Critics call BS after Mich. GOPers bar abortion rights initiative from ballot over “spacing errors”

Republican officials blocked a ballot question that garnered a record-shattering 753,759 signatures

Published September 1, 2022 12:30PM (EDT)

Protesters march through downtown Detroit in support of Roe v Wade. (Matthew Hatcher/SOPA Images/LightRocket via Getty Images)
Protesters march through downtown Detroit in support of Roe v Wade. (Matthew Hatcher/SOPA Images/LightRocket via Getty Images)

This article originally appeared at Common Dreams. It is licensed under a Creative Commons Attribution-Share Alike 3.0 License. Feel free to republish and share widely.

Two Republican election board officials in Michigan voted Wednesday to bar an abortion rights initiative from the state's November ballot, threatening a proposal that garnered a record-shattering 753,759 signatures from residents this year as reproductive freedoms hang in the balance.

The initiative proposes adding to the state constitution an amendment that reads, in part, "Every individual has a fundamental right to reproductive freedom, which entails the right to make and effectuate decisions about all matters relating to pregnancy, including but not limited to prenatal care, childbirth, postpartum care, contraception, sterilization, abortion care, miscarriage management, and infertility care."

After heated debate on Wednesday, Michigan's four-member Board of State Canvassers—comprised of two Republicans and two Democrats—split along party lines on whether to approve the initiative for November's ballot. At least three votes were required to advance the measure.

Detroit News reported that "most of Wednesday's public comment and debate centered around the lack of spacing between words in the petition circulated by Reproductive Freedom for All."

Tony Daunt, the Republican chairman of the state election board, declared that if what was circulated had come to us for review, it would not have received approval because of the severe defect in the spacing and in the form of the language as it was laid out."

Richard Houskamp, the board's other Republican, agreed, joining Daunt in voting no.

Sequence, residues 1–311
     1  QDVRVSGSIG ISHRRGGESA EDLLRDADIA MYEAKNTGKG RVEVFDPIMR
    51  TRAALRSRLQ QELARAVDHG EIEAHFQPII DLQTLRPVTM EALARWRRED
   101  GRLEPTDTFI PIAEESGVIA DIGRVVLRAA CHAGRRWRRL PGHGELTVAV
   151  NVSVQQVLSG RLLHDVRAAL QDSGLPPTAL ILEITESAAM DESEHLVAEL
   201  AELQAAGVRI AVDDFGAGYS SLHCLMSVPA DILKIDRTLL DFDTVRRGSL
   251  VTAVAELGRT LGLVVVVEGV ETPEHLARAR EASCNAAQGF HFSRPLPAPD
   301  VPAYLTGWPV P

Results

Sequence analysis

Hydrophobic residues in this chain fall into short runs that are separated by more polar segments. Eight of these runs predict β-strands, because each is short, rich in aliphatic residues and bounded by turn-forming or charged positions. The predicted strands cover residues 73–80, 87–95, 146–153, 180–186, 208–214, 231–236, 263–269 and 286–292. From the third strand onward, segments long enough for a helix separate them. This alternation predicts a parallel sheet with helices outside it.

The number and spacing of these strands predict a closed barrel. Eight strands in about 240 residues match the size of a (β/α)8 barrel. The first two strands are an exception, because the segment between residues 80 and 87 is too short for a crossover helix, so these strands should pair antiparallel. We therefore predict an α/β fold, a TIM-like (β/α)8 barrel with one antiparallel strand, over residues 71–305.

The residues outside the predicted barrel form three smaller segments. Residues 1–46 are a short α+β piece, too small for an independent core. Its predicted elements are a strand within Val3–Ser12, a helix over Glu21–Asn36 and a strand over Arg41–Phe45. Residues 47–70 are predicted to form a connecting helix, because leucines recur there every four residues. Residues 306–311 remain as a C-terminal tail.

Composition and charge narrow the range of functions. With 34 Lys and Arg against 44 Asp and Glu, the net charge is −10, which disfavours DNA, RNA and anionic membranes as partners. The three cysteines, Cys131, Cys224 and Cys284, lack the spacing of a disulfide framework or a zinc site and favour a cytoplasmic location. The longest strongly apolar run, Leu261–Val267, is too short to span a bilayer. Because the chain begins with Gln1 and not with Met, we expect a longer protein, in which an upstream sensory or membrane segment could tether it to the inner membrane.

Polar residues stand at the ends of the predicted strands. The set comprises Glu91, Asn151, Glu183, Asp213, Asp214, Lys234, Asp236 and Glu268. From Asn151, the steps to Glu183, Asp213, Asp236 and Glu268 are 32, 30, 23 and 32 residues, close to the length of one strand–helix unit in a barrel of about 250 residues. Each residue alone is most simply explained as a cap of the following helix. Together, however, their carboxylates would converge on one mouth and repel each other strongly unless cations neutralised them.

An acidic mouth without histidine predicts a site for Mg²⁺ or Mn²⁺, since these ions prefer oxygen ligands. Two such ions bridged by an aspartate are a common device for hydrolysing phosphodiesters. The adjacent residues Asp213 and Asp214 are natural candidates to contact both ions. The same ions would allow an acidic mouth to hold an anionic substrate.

Initiative organizers vowed to appeal the board's deadlocked decision to the Michigan Supreme Court, arguing that the Republican officials' objections really center on the content of the petition—which is beyond their power to adjudicate.

"The two Board of State Canvassers officials who voted against placing Reproductive Freedom for All on the November ballot are disenfranchising the more than 730,000 Michigan voters who signed a petition to put this measure to the people," tweeted the ACLU of Michigan, part of the coalition behind the initiative.

Loren Khogali, ACLU of Michigan's executive director, said in a statement that "we will not allow democracy to be undermined."

"The vast majority of people want to keep abortion legal in our state. We are not discouraged," added Khogali. "Voters, not politicians, have the final say when deciding something as personal as abortion access."

The GOP officials' vote came around two weeks after a Michigan judge temporarily blocked enforcement of a draconian abortion ban originally passed in 1931. For now, abortion is legal in the state with a number of restrictions.

Grecia Lima, national political director of Community Change Action, said in a statement Wednesday that "MAGA Republicans in Michigan are attempting to stand in the way of democracy and stop peoples' voices from being heard."

"More than 750,000 Michiganders—nearly double the number needed to qualify—signed a petition in support of this ballot initiative to protect their freedom to control their own bodies and their own healthcare," Lima continued. "These extremist Republicans know their policies for an abortion ban without exemptions for rape or incest are inhumane and wildly unpopular and they'd have to cheat to win."

Some observers voiced concern that, with Republicans attempting to take over key election posts across the country, anti-democratic votes similar to the one in Michigan on Wednesday could become commonplace.

Daniel Nichanian, editor-in-chief of Boltswarned that "this is a preview of what could happen in 2022 and 2024 in this state as the Michigan GOP stacks election offices with election deniers."

"Even if the Michigan Supreme Court restores the initiative—a reminder that the majority on this court is on the line this fall," Nichanian observed. "And given that the state's GOP canvassers are willing to ignore basic rules, the court will loom large in 2024."

By Jake Johnson

MORE FROM Jake Johnson

Related Topics ------------------------------------------

Abortion Common Dreams Partner Politics